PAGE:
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Women and Money: Business Ownership

According to a recent survey conducted by NEXT Insurance[1], women were twice as likely to start a business during 2020 than men, often from scratch and by themselves. This is particularly interesting in a year when new business applications reached an all-time high (4.35 million) according to Census.gov. We love to see this sort of small business activity among women. Here’s why.

A data analysis by FitSmallBusiness.com[2] back in 2018 showed that female entrepreneurs are better than men in five key areas.

Female-owned firms generate higher revenues
Female-owned firms create more jobs than their male-owned peers
Women execs significantly improve startup company performance
Women are more effective in senior leadership roles
Women have a larger appetite for growth.

And still, research has also shown that there are a number of factors, usually based in bias,  that tend to hold back female entrepreneurs. Knowing that women are poised for success in their business ventures, but potentially facing obstacles to their goals, we wanted to lay out some of the fundamental considerations that are within an entrepreneur’s control.

Here are the five things every female entrepreneur needs to know now:

Success doesn’t have a due date. Being in business for 3 to 5 years does not mean you have a successful business. In fact, approximately 20 percent of new businesses fail during the first two years and 45 percent within the first five, according to Investopedia.com[3]. Beat the statistics by identifying what a successful business means to you up front. Then measure your success with systems and processes for all aspects of your business.
Cash is queen. We all know customers are unreliable. Some pay on time but many do not. It’s critical for any small business to have cash reserves of no less than six months on hand before you even get started. And if you have to deplete that reserve for any reason, build it back up as quickly as possible. Cash provides an asset to be lent on. And it just makes good sense to give yourself a cushion for the unexpected.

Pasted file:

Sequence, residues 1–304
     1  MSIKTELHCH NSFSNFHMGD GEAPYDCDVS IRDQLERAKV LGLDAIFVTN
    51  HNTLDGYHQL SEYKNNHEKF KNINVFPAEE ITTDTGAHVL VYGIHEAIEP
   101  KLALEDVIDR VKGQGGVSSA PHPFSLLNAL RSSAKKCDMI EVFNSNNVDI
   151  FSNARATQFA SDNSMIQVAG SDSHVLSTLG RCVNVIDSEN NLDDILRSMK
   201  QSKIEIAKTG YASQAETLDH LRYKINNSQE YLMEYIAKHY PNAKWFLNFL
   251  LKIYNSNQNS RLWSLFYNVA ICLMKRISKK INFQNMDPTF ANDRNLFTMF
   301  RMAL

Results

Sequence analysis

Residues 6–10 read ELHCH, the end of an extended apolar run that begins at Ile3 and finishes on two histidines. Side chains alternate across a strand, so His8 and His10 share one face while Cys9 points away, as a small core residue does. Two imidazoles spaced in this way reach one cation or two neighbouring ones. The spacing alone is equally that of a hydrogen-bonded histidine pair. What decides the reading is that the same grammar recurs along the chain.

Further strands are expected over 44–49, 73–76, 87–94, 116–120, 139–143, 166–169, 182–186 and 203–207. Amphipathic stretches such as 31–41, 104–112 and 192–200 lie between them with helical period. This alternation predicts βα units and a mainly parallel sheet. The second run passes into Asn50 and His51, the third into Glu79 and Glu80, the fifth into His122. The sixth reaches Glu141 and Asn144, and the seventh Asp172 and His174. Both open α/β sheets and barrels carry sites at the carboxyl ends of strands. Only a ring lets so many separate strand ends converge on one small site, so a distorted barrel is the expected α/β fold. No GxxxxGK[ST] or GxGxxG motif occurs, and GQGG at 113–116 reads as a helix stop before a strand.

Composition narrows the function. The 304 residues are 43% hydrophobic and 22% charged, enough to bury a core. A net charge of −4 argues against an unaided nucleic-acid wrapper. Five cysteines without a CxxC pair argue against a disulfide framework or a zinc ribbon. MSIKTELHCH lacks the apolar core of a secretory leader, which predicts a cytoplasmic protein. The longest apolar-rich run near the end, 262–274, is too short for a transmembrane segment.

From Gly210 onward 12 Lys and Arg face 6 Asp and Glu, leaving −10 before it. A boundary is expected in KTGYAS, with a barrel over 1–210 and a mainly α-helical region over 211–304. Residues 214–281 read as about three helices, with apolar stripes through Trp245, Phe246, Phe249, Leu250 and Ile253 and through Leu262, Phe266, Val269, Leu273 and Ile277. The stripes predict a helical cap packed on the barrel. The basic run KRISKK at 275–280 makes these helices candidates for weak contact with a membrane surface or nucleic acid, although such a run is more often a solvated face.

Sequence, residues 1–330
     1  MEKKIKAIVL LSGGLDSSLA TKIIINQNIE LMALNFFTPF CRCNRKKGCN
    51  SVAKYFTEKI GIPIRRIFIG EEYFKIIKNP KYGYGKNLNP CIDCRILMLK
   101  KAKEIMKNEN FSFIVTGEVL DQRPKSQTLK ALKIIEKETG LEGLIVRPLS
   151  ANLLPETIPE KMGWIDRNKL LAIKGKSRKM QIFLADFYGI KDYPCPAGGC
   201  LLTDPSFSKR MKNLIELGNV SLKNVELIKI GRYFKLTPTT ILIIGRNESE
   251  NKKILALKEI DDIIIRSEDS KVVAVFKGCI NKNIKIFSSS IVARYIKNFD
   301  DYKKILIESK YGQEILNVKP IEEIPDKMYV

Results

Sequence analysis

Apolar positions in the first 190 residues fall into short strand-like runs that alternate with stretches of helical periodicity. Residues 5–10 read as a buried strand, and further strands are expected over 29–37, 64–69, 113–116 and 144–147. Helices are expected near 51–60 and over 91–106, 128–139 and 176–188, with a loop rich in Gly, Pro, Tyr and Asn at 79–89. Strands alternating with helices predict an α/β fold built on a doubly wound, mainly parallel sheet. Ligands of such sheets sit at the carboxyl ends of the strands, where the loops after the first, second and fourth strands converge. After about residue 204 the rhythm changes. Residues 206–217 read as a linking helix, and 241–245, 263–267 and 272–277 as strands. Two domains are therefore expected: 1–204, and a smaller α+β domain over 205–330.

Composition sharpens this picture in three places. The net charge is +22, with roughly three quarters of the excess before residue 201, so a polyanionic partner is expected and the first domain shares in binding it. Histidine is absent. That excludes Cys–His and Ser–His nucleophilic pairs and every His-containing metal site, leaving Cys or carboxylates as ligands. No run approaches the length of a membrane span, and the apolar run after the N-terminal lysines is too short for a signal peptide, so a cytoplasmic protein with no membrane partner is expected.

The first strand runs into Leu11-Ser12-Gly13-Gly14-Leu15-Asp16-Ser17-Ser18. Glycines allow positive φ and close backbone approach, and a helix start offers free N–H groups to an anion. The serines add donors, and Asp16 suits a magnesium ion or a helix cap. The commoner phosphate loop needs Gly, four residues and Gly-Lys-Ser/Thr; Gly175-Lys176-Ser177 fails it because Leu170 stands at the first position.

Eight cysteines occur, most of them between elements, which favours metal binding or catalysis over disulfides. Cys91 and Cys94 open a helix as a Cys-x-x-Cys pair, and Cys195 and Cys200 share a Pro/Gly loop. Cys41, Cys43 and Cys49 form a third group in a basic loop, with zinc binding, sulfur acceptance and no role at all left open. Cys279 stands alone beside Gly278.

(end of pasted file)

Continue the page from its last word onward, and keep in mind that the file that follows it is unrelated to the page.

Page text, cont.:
Have relationships with two or more lending institutions at all times. Solid financials work in tandem with the relationships you make. Banking, credit unions and any other lending institution will be valuable relationships at every stage of your business evolution.
Diversify your business portfolio. Starting a business is already a risky venture. By diversifying your business portfolio, you are mitigating unwanted risk to your capital. Make sure to take advantage of tax deductible contributions into personal IRAs, 401(k)s or other investment vehicles not related to your business. And be sure to develop multiple business streams of income. This helps to ensure you aren’t relying on any one entity for success.
Run your business like you will sell it tomorrow. Regardless of when you plan to sell your business, it’s important to keep the end in mind. Business succession is key to a successful ending to any business. Ideally, you build something special that you can eventually sell for a nice profit. By understanding your end goal up front, you set yourself up for a better result.

We know women are ready to build businesses that contribute to the economy, create jobs and help grow communities. If entrepreneurship rates among women were comparable with those among men, it is possible that global GDP would grow by up to 6 percent, which would boost the global economy by an astounding $5 trillion, according to Forbes.com[4]. By seizing control of the fundamental aspects of running a business, entrepreneurs can take the first critical steps toward success.

[1] https://www.nextinsurance.com/blog/next-small-business-guide-survey/

[2] https://womens-journal.com/are-female-entrepreneurs-more-successful-than-males-data-says-yes/

[3] https://www.investopedia.com/financial-edge/1010/top-6-reasons-new-businesses-fail.aspx

[4] https://www.forbes.com/sites/adigaskell/2019/11/11/3-ways-we-hold-female-entrepreneurs-back/?sh=7ca8b6b626f5

Dawn Potts takes a deeper dive on this topic in her Retirement News interview. Check it out!

Women Business Owners

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